An Intimate Visual Journal of Life in Berlin

A new project from French photographer Ed Broner offers heady insight into life in the German capital


At first glance, French photographer Ed Broner’s stripped-back reportage paints a picture of Berlin as we know and love it. Through candid black-and-white snapshots, he speaks of the city’s hedonistic parties, lovers’ kisses, graffiti-adorned walls and derelict buildings with a visual language that’s as arresting as it is nostalgic. But beyond the epicurean revelries, Broner’s latest project, “Vagabondage”, is about the bonafide power of photography.

They say a picture’s worth a thousand words, but it was some years before Broner came to understand the truth behind the cliché — following the tragic death of his best friend in 2010. “When I looked at what was left of our 20 year friendship, I had just 10 or 15 pictures of him and of us together,” he laments. Responding to this lack of documentation, the photographer picked up his camera and began the project that would later become “Vagabondage” — a visual journal of his day-to-day life. “I felt the need to photograph everything I was doing, and all the people I met,” he explains. “It was the hardest time of my life, but at the same time I was free, and was able to find myself again.” Capturing fragments of his everyday experience, Broner’s photographs find beauty in the mundane. “The subject of this diary is what I love most,” he explains: “realness, creative people, beauty, love, friendship, art…” The result is a collection of  intimate photographs that paint a true portrait of Berlin life.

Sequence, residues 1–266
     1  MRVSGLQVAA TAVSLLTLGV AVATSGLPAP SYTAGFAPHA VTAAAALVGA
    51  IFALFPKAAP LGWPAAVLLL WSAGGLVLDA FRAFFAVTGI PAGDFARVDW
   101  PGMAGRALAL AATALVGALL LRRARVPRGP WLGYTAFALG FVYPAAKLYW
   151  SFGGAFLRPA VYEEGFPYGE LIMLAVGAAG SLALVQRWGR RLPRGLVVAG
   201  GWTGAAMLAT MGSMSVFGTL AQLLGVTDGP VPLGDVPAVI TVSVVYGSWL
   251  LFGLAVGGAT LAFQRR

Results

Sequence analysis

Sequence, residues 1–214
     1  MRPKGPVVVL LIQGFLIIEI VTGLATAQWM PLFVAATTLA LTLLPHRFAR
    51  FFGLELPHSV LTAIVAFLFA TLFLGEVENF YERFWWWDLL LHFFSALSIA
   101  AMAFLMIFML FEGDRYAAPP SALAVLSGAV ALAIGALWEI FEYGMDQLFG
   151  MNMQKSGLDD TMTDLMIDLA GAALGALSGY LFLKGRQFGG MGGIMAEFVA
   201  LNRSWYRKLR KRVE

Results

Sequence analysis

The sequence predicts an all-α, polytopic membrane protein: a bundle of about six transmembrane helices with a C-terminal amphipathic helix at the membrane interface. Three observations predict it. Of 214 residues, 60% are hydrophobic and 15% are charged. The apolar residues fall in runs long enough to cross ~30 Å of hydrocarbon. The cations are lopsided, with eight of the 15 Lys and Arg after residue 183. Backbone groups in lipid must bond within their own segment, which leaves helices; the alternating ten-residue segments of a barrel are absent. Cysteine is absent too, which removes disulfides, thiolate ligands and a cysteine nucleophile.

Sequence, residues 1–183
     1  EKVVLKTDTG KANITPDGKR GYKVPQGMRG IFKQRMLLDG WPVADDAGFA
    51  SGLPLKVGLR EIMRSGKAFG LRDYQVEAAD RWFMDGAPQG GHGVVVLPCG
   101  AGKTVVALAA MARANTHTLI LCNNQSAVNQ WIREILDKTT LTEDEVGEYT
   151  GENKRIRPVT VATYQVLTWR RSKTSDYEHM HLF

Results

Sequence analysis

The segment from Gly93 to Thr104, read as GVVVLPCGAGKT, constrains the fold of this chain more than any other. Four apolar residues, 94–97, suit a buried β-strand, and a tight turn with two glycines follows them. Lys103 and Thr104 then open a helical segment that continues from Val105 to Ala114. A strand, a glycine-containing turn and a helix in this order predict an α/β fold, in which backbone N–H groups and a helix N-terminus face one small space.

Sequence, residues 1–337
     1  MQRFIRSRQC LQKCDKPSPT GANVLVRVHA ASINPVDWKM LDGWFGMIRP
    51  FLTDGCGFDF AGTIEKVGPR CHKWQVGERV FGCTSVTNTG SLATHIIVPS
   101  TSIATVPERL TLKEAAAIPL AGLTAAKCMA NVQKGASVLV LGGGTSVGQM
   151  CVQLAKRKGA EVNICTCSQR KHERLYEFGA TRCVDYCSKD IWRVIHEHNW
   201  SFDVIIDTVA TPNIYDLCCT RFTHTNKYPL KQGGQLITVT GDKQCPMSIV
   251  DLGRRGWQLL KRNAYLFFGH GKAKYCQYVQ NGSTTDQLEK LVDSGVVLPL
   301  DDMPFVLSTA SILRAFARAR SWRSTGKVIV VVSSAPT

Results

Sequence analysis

Like many Berliners, Broner’s relationship with Berlin is love and hate. “I love it for the exciting contemporary art scene, its underground touch and the freedom Paris has lost,” he says, “but I miss the beauty and warmth of France.” It’s something that comes across in his photographs, which oscillate between jarring and stark scenes of Berlin’s gritty streets and heartfelt portraits of its residents.

Broner’s “Vagabondage” is the second in a series of visual essays, published by Hatje Cantz, which traverse the city of Berlin through the lenses of some of its most visionary photographers; the first is the product of Ama Split and Riky Kiwy’s six week trip on the Ringbahn — and both are available to buy now.

 

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